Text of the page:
What I’ve Learned From Fashion School & The Industry

First, I want to address the amount of people who found out I was going to fashion school in LA and automatically assumed I intend to be a fashion designer. I guess it’s easy to draw that conclusion of fashion industry=fashion design, but no. I never had the desire to physically make clothing; I just liked being around clothing and love piecing things together for myself and for others. It took me a while to discover that it was possible to merge my love of fashion into a career that didn’t involve designing clothes. I majored in Visual Communication in order to become a wardrobe stylist, visual merchandiser, social media marketing director, fashion pr specialist, or creative director for a company. Many careers fall underneath that umbrella, but those are just some of my desired careers.

At FIDM, where I attended, the class schedule differs quite a bit from the typical college or university. Each class meets three hours at a time, once a week, for ten weeks total. So as you can imagine, there is a lot of homework/in class work and deadlines to meet. FIDM runs on the quarter system which means an entire semester’s worth of work, studying and projects are crammed into ten week increments. It gets intense. One project could take you an entire day, 2 days or 3 hours – there’s no estimating and theres no rushing. You’ll want to work as diligently as possible and you’ll want your work to be of great quality because your very last quarter you will generate a portfolio, which you will be presenting to industry professionals (it’s serious.)

The FIDM library has every issue of Vogue and Harper’s Bazaar from the 1920s, which is amazing and uncommon for most fashion schools. I loved flipping through the pages and getting inspiration that I wasn’t able to find being on my smartphone.

As a VCOMM student, I learned how to trend forecast, sketch out living and retail spaces to scale, learn the theories of color & design, how to effectively use the Adobe Creative Cloud such as Photoshop, InDesign, and Illustrator, space plan (drafting techniques), design my own store concept and merchandising directive, create my own store space using a software called SketchUp, conduct my own concept and product from an entrepreneurial standpoint, make a hand bag, make a set for a movie, and design/install window displays, and much more. All of that is possible while completing an internship (yes, you will work for free!)

Most think fashion school and working in the fashion industry are glamorous. To be honest, there’s a lot of sweat and tears that go into it. If you notice, it’s not the stylist, the buyer, the editor, the prop/set designer, space planner that appear glamorous; it’s the talent or celebrity/model themselves. People only see what is on the surface, and oftentimes forget about the people who are operating behind the scenes chasing their individual dreams.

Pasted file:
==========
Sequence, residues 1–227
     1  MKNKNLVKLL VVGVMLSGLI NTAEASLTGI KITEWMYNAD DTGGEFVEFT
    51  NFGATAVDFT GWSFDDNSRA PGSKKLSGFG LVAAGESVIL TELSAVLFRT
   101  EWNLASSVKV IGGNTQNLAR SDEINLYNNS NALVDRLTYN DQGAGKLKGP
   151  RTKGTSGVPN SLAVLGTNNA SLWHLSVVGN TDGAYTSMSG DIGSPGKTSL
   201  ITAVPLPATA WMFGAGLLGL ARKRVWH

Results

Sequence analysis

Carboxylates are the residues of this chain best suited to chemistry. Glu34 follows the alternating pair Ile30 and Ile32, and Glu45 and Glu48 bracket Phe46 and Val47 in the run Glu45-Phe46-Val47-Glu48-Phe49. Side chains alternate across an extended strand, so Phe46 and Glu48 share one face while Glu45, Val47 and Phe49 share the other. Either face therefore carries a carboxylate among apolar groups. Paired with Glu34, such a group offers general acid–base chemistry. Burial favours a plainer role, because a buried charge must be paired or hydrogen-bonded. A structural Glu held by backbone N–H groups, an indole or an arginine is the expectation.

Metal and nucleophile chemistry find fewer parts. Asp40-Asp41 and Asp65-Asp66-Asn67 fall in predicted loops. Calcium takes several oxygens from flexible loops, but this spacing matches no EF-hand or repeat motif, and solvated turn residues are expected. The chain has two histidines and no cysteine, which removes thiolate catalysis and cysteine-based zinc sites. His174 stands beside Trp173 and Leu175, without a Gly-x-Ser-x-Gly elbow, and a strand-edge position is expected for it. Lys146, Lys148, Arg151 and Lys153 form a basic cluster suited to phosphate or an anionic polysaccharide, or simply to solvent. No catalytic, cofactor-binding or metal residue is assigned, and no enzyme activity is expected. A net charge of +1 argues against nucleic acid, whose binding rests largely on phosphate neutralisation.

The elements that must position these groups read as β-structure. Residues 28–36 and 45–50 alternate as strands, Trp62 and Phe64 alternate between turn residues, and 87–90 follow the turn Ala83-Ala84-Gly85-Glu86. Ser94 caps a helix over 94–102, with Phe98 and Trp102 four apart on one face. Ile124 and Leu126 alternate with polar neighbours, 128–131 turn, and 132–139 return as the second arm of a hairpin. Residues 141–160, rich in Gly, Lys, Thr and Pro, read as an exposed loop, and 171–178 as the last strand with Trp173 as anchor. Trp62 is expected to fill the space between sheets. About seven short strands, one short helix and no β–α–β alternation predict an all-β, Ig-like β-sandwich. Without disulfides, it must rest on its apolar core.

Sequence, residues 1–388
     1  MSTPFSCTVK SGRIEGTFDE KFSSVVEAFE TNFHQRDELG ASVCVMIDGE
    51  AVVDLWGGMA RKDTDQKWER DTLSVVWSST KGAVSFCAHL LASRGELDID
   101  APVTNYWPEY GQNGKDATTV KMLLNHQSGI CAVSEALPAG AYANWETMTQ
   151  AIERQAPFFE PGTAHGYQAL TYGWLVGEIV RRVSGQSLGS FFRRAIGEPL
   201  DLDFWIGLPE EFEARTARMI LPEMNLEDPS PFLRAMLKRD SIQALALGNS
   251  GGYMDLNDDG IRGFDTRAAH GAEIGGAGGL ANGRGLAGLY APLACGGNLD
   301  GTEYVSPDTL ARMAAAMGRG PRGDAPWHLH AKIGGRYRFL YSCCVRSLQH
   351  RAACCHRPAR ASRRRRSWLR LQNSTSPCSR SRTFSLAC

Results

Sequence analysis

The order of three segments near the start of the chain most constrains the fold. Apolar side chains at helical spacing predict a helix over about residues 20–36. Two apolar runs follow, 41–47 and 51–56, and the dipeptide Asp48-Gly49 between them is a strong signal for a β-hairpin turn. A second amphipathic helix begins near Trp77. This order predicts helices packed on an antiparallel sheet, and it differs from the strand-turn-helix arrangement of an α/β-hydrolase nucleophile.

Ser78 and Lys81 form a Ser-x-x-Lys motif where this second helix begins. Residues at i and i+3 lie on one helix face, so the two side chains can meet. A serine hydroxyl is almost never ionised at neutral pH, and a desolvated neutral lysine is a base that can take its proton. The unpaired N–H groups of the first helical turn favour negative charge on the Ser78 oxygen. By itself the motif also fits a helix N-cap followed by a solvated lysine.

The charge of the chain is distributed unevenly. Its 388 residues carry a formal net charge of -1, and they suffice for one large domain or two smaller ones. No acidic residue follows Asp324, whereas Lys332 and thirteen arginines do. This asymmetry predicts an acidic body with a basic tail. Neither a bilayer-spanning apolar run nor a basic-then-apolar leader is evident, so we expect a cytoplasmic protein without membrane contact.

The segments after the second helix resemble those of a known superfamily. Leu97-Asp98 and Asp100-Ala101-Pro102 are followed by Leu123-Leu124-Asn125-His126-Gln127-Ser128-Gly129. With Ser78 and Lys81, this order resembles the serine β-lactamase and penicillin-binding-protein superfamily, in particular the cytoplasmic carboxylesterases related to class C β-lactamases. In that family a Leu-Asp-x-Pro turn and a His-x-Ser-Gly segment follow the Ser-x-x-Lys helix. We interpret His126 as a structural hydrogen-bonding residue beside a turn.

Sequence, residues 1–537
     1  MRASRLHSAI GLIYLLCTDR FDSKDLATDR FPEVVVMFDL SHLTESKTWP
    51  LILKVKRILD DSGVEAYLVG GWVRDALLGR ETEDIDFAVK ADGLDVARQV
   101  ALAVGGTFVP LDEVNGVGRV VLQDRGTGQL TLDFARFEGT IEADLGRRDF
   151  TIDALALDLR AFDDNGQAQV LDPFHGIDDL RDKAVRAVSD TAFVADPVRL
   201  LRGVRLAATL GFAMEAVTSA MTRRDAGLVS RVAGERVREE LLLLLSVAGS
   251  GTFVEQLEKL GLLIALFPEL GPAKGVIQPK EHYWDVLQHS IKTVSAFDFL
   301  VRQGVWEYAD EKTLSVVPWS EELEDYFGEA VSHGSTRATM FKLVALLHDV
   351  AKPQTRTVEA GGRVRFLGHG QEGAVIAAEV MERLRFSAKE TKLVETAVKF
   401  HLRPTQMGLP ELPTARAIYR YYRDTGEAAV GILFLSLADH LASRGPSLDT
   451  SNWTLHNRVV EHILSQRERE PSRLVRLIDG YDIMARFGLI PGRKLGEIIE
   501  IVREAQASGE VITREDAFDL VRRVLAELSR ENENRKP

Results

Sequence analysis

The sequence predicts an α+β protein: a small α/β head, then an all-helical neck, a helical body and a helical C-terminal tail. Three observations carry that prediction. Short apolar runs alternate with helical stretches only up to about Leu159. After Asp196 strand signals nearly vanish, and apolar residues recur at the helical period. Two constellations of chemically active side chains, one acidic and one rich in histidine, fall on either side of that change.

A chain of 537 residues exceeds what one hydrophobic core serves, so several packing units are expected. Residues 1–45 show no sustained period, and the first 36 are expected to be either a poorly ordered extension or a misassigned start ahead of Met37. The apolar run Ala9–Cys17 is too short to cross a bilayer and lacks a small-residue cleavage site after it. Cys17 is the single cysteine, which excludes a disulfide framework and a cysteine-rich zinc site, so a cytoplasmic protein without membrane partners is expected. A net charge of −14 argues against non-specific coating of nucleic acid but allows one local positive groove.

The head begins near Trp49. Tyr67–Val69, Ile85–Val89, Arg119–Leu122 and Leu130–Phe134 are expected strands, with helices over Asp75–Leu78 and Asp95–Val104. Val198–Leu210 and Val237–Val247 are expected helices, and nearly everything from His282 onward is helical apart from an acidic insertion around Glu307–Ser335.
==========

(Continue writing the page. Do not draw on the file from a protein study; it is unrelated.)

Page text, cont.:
Other things I have learned at The Fashion Institute of Design and Merchandising are the proper ways to balance my books, FIDM tote bag, projects, coffee and exposing my student ID to the guard all while teetering on a platform shoe to always plan enough time to walk around whatever movie may be filming in the campus park. DO NOT procrastinate aka don’t try and print something that is due that day before that class because 9 times out of 10 the printer will take a poop on you, toner will be low, or the line to print will be hella long….; I know that is so cliche to say, but trust me on this, you won’t want to procrastinate. It is easy to fall behind and because you only meet for class once a week, you’ll want to stay on top of everything. Also, "Have you ever seen Lauren Conrad?" is the first question everyone asks when I said I attend FIDM. No, but I went to FIDM with Amanda Bynes and rode the elevator with her many times. Along with all of the above, I learned how to live in such a different environment from what I was use to. So many different people and cultures and the expenses, etc., so adapting to a totally different lifestyle was also a HUGE part of my experience.

I love fashion tremendously and having the opportunity to attend one of the best institute’s in the country was very humbling and rewarding. There was times I cried from the work load, and then times I laughed because I stressed over nothing and most of the time I smiled because I knew how fortunate I was to be attending my dream school and living in my favorite place in California. The people I met along the way are amazing as well. Everything I learned within a year enabled me to have the opportunities I have now in my career path. FIDM has a great alumni association and career connections all over the U.S. I encourage anyone who shares this passion with me and wishes to attend fashion school, please do not hesitate to reach out for more info//details/questions, it’s never too late. IT’S WORTH IT, YOUR DREAM IS WORTH IT.

Xx, Lex


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